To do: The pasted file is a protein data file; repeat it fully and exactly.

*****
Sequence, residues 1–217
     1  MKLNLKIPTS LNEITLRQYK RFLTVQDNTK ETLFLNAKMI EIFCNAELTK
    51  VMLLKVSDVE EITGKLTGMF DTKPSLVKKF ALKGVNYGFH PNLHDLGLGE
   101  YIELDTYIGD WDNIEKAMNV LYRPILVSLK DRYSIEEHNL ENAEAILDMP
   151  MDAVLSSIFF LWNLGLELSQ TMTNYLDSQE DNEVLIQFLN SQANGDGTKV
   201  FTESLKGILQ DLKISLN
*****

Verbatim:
Sequence, residues 1–217
     1  MKLNLKIPTS LNEITLRQYK RFLTVQDNTK ETLFLNAKMI EIFCNAELTK
    51  VMLLKVSDVE EITGKLTGMF DTKPSLVKKF ALKGVNYGFH PNLHDLGLGE
   101  YIELDTYIGD WDNIEKAMNV LYRPILVSLK DRYSIEEHNL ENAEAILDMP
   151  MDAVLSSIFF LWNLGLELSQ TMTNYLDSQE DNEVLIQFLN SQANGDGTKV
   201  FTESLKGILQ DLKISLN